The states wrote in their letter that “experience teaches us that, in the absence of an explicit disavowal of rent-a-bank schemes, the [p]roposed [g]uidance invites continued abuse of banks’ interest exportation rights, to the considerable detriment of state regulation, consumer protection, and banks’ safety and soundness.” The states strongly encouraged the agencies to “explicitly disavow rent-a-bank schemes.”

    Federal Issues Bank Partnership Rent-a-Bank State Regulators State Issues State Attorney General Bank Regulatory Third-Party Risk Management Third-Party FDIC OCC Federal Reserve Consumer Finance Military Lending Act

  • DoD releases MLA report

    Agency Rule-Making & Guidance

    Recently, the Department of Defense (DoD), in consultation with the Treasury Department, released a report to the House Committee on Armed Services in response to Title V of House Report 116-442 on the National Defense Authorization Act (NDAA) for Fiscal Year 202. The House Report requested a report regarding the Military Annual Percentage Rate (MAPR), which cannot exceed 36 percent as established under the Military Lending Act (MLA) and what impact lowering the MAPR to 30 percent would have on military readiness and servicemember retention. Some highlights of the report include, among other things: (i) “the MLA, in combination with the Department’s ongoing financial literacy education and financial counseling efforts, appears to be effective in deterring unfair credit practices”; (ii) the DoD does not take a position regarding the merit of any change to decrease the maximum MAPR rate below 30 percent; (iii) credit cards, auto loans, and personal loans are generally available at risk-based rates below the MAPR; (iv) almost a quarter of all active duty servicemembers in the U.S. are stationed in states that limit a 24 month, $2,000 loan to less than 30 percent; and (v) “a MAPR limit as low as 28 percent would likely have no impact on [servicemembers]’ access to credit cards, assuming credit card issuers meet exemptions for eligible bona fide fees when calculating the MAPR.” The report notes that the DoD “is committed to continue working with Congress to support the financial readiness of [servicemembers] and their families and is willing to provide comment on any such proposal when appropriate.”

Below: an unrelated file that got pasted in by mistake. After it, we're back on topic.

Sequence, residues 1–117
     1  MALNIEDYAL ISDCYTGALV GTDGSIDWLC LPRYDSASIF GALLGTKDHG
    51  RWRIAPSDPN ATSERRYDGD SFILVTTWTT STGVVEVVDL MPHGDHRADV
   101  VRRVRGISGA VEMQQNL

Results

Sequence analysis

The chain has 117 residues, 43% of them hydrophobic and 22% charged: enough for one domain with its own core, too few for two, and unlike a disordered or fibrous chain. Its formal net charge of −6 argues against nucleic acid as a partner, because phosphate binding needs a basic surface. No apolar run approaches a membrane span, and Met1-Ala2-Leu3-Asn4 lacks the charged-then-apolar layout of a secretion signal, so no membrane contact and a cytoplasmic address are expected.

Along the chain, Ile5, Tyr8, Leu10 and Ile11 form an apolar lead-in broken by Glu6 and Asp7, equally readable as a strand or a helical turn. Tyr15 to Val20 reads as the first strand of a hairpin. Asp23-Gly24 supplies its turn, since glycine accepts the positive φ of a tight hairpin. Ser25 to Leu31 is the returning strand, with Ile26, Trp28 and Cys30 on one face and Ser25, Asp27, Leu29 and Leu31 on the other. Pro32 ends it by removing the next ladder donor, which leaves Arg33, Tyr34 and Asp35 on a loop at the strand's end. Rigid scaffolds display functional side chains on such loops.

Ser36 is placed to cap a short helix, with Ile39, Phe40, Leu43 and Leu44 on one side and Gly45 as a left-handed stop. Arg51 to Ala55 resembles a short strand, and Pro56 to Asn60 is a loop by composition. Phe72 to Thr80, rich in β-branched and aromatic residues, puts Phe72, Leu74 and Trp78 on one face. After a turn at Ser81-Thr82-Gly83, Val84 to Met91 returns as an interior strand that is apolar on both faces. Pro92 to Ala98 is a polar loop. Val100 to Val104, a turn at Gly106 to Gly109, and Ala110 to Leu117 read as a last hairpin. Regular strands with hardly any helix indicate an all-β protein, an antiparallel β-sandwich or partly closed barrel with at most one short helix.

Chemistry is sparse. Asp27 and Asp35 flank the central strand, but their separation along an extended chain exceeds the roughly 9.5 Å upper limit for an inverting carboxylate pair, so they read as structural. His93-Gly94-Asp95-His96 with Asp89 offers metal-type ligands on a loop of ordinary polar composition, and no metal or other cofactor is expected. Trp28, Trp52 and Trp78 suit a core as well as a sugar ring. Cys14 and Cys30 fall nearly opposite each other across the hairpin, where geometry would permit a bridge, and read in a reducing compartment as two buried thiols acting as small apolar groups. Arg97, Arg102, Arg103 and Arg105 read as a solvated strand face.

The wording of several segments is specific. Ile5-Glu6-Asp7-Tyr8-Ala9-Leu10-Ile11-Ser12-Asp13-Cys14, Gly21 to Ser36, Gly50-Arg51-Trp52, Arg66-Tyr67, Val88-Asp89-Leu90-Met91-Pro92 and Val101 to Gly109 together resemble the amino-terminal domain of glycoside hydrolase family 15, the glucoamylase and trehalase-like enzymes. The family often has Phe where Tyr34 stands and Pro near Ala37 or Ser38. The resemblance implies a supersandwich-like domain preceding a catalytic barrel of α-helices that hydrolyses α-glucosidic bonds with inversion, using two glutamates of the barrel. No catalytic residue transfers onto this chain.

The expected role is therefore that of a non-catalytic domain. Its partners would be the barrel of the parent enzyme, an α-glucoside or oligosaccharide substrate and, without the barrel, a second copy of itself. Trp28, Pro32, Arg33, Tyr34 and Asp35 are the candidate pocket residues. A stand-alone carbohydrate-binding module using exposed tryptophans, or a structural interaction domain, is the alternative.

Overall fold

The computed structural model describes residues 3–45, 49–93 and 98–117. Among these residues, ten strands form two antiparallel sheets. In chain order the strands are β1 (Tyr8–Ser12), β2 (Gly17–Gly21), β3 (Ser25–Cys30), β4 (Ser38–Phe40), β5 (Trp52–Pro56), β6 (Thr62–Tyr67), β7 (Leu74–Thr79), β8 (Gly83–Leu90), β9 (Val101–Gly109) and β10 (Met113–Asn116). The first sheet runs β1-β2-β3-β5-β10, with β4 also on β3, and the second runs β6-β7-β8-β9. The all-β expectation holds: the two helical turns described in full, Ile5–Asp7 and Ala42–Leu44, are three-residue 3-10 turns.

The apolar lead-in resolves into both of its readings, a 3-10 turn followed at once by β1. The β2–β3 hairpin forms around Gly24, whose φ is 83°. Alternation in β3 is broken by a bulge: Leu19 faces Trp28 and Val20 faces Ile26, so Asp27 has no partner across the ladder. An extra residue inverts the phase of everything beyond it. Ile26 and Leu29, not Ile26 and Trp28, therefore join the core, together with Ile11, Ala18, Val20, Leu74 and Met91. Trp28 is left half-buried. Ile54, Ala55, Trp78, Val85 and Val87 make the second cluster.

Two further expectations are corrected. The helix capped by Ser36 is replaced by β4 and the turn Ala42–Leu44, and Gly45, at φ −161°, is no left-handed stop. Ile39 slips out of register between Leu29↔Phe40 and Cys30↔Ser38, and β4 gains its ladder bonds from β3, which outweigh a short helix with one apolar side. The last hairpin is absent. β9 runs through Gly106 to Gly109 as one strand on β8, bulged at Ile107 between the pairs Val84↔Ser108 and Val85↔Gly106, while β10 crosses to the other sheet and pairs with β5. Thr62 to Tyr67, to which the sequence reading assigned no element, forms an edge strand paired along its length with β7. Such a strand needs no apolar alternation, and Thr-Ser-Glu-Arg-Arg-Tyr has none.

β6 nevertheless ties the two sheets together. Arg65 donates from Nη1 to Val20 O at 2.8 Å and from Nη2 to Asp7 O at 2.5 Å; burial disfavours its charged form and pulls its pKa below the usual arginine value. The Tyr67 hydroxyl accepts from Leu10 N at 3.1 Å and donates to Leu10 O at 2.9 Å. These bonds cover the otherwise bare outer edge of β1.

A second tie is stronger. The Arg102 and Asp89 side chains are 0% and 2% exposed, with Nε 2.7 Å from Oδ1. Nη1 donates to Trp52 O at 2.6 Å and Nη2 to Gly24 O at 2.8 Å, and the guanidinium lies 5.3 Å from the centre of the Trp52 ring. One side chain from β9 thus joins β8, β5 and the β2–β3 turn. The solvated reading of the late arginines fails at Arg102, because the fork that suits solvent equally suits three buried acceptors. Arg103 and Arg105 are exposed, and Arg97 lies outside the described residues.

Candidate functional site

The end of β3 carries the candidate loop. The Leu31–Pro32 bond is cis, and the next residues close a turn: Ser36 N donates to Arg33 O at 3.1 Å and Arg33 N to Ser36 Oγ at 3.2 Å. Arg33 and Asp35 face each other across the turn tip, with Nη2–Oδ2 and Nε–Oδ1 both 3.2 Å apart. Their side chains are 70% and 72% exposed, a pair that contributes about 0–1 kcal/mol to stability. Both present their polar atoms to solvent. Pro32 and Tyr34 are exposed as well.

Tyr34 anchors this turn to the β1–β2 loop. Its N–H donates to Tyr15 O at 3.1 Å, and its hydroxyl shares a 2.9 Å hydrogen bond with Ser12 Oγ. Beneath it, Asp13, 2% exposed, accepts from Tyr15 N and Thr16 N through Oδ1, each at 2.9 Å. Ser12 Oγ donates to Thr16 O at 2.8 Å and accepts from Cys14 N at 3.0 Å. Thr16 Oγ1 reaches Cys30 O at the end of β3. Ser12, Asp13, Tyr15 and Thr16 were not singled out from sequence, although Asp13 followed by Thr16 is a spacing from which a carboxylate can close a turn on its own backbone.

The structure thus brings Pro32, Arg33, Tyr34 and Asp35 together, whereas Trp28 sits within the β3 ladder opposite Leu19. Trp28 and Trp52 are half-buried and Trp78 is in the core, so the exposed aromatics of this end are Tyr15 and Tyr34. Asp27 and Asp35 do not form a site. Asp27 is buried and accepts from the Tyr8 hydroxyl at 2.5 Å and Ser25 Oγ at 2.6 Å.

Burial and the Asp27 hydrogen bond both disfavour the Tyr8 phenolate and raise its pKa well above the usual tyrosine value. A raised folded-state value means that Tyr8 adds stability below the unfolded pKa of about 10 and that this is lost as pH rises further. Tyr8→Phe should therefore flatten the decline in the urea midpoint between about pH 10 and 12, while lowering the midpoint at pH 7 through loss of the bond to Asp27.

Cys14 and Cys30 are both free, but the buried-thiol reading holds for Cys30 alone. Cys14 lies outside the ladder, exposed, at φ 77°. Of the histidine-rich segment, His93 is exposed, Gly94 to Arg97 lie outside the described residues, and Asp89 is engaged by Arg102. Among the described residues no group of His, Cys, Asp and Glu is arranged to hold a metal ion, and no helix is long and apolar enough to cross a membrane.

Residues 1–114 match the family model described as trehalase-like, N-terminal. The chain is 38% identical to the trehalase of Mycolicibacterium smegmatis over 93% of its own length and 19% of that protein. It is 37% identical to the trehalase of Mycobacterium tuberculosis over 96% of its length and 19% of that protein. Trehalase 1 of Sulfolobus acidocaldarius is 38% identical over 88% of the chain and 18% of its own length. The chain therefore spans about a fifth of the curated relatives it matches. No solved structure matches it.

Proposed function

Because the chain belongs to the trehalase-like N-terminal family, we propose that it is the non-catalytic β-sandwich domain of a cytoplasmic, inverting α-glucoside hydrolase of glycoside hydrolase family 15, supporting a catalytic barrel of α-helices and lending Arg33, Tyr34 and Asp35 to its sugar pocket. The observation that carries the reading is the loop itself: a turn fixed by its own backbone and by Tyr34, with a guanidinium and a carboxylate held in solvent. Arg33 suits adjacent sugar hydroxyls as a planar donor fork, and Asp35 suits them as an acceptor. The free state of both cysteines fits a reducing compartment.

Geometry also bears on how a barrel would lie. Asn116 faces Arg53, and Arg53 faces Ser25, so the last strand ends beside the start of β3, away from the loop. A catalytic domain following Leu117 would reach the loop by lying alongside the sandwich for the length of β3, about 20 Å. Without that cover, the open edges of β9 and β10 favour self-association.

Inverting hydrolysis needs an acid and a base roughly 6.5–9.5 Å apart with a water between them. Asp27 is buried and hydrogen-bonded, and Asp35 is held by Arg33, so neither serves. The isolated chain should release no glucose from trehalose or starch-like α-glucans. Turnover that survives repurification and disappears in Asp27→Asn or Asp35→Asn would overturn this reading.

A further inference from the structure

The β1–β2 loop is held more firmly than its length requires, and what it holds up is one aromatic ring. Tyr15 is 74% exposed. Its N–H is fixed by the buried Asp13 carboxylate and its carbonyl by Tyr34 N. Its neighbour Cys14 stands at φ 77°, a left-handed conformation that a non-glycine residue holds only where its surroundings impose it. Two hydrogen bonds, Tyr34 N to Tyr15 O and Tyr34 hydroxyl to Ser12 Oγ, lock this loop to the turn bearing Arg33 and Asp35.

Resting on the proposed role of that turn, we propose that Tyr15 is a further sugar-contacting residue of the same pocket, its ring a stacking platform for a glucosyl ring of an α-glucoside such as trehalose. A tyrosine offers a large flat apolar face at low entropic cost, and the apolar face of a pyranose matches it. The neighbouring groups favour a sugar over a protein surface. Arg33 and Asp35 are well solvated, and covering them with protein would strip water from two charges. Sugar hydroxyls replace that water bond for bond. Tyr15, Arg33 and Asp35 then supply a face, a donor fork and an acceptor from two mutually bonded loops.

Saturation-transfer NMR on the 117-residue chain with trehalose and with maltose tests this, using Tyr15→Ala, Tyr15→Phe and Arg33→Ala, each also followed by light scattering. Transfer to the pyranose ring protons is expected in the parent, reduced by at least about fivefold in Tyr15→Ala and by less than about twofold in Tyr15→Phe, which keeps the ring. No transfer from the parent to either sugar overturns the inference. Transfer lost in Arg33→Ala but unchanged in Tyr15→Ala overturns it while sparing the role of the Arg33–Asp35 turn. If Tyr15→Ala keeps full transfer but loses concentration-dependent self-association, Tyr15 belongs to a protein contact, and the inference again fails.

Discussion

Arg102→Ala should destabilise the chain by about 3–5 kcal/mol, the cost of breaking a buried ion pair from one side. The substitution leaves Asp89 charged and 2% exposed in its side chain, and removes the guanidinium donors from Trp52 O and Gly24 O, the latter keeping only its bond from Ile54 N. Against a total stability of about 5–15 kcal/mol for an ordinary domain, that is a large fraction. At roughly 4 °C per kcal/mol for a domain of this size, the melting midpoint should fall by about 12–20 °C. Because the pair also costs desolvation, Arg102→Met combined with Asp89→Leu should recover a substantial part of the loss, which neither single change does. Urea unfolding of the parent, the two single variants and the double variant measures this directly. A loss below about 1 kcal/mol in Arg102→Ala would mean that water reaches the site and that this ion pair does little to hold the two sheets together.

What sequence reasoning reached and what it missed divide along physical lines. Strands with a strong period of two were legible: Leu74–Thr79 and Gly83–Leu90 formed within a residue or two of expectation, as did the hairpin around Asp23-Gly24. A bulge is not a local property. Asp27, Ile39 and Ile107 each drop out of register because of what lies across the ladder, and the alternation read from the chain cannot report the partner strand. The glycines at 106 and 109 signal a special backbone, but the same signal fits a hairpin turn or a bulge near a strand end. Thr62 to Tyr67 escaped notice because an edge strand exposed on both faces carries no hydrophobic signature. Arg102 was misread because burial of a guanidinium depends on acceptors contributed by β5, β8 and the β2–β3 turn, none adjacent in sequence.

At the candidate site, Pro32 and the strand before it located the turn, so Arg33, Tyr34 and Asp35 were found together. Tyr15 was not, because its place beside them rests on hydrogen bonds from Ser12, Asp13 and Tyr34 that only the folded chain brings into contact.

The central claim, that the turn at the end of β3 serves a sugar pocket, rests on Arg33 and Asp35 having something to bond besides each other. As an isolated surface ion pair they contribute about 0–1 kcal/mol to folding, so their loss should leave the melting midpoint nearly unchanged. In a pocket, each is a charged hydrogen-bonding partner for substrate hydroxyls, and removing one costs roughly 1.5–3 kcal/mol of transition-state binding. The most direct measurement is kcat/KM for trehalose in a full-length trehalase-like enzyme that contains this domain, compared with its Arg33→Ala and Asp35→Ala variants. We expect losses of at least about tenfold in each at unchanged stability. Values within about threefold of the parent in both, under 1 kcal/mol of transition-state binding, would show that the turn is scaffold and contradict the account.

Agency Rule-Making & Guidance Department of Defense Military Lending Act Military Lending Department of Treasury U.S. House